Quick Tips for Great Photos

A while ago, one of the tips I wrote was called “Top Ten Ways To Become A Better Photographer.”
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A while ago, one of the tips I wrote was called "Top Ten Ways To Become A Better Photographer." What reminded me of this was a recent trip to a local bagel store. I ordered a dozen sesame bagels and the lady behind the counter dropped 12 into the bag. The thought that went through my head was, "Whatever happened to a baker's dozen where a 13th one gets thrown in for free?" For you, I bring back the "good ole days." I present to you a "baker's dozen" worth of quick tips. Enjoy the 13th! In no specific order:

1) Bracket Tricky Exposures: With digital capture, I suggest you bracket in 1/ 2 stops rather than the default of 1/3 stops most cameras provide. In the days of slide film, a third of a stop made a significant difference. With upgraded digital sensors, this small amount is easily recoverable in RAW. Expand the range to acclimate to digital.

2) Depth of Field: Use apertures wisely. Open up the lens (f/4) to help throw a background out of focus and stop down (f/16) to increase depth of field. Photograph a given scene both ways. Check the difference in the capture on the LCD. Make sure you have a strong foreground, mid-ground and background, so you'll be able to see the difference. In general, an out-of-focus background works well with people and wildlife, while landscapes work better with maximum depth of field.

3)Steady As She Goes: Use a Tripod: Not only will it guarantee sharper shots, it slows you down and forces you to think more about fine-tuning your composition—this is BIG!

4) RTM = READ THE MANUAL: As much as we all want to think we're smarter than our camera and can figure it out, there are so many features imbedded in the menus. Don't deprive yourself of not knowing that your camera can do...and how cool it would have been if you only knew you could have applied (fill in the blank)...to a long gone situation.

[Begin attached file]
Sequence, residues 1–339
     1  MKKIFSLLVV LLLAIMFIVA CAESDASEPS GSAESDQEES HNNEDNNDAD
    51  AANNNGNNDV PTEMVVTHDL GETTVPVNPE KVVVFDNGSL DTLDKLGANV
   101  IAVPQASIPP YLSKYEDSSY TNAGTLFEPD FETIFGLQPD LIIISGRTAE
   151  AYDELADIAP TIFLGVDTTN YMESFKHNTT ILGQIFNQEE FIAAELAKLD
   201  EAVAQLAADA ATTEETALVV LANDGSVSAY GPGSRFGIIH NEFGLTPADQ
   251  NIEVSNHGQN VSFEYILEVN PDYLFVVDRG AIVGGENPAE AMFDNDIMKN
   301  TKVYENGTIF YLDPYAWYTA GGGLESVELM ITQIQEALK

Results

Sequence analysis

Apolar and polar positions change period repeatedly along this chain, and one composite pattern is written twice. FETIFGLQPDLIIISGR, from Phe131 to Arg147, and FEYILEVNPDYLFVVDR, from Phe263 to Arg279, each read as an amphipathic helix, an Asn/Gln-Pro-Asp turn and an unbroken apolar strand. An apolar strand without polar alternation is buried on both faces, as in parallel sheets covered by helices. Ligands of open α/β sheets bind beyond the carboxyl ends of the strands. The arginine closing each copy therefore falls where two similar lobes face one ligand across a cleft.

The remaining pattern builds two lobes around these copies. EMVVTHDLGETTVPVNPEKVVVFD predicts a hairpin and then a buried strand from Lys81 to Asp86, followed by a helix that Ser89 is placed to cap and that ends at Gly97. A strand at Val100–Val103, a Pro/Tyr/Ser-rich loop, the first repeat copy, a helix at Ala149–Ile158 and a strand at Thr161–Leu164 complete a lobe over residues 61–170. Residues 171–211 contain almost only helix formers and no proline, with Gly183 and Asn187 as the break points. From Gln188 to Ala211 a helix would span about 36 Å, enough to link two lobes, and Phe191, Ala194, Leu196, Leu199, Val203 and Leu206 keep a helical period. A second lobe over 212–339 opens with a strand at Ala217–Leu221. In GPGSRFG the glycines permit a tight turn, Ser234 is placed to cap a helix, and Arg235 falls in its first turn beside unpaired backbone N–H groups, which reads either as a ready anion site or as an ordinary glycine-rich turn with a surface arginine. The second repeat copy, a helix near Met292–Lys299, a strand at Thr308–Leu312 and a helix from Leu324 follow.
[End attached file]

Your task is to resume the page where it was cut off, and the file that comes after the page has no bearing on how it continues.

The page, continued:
5) Simplified Hyperfocal Distance: To maximize depth of field in any image, in a simplified explanation, focus one third into the frame. Hyperfocal settings are more precise and can be found on line, but in a pinch, the one-third rule works. The smaller the aperture, the more you'll expand the depth of field.

6) Rule of Thirds: Imagine a tic-tac-toe board placed in the viewfinder. The most strategic location to place a main subject is where the lines intersect. If you shoot with a horizon and the sky is interesting, have it take up the top two-thirds. If the sky is mundane, place the emphasis on the foreground.

7) Experiment: Try something new and different. It doesn't cost anything, except a few more minutes of edit time. There is no "bad" photo when you experiment. If you don't try, you won't open any new doors.

8) Time of Day: The warmest and most appealing color of light occurs around sunrise and sunset. Most subjects are enhanced when shot during these hours. Textures are revealed when side lit and patterns and shapes are more defined. Set the alarm to get up early and be late for dinner—the photos will be worth it!

9) Histogram Check: As a quick check, I keep the LCD screen set to the flashing highlights, but to really know if I nail my exposures, I use the histogram. Every scene will read differently, so there is no such thing as an overall ideal histogram that can be applied to every situation. Ultimately, avoid spikes on the sides to prevent losing shadow or highlight detail.

10) Shutter Speeds: Slow down your shutter to create special effects. A common subject is water with one-second exposures to get a cotton candy effect. But, don't limit yourself to this. With any subjects that move, play around with different settings to intentionally show the motion. Try panning for some cool effects.

11) Active Focus Point: Always be aware of what focus point is active, especially if you shoot wide open. If the active focus point reads a spot on a different plane than your subject, the result is a blurry subject and a sharp foreground or background.

12) Loosen Up: Not every time you go out with your camera, will you come home with a winner. There are times when I make two-hour drives, only to have the light be flat and ugly and I don't even raise the camera to my eye. Try to make the best of the situation and find something to photograph, but if you come home with no winners, it's not the end of the world.

13) Shoot, Shoot More and Then Some More: Like anything else, the more you practice, the better you'll become. Even if it means heading to a local park or going into your backyard, take pictures every week to keep the photo gears greased.

Visit www.russburdenphotography.com

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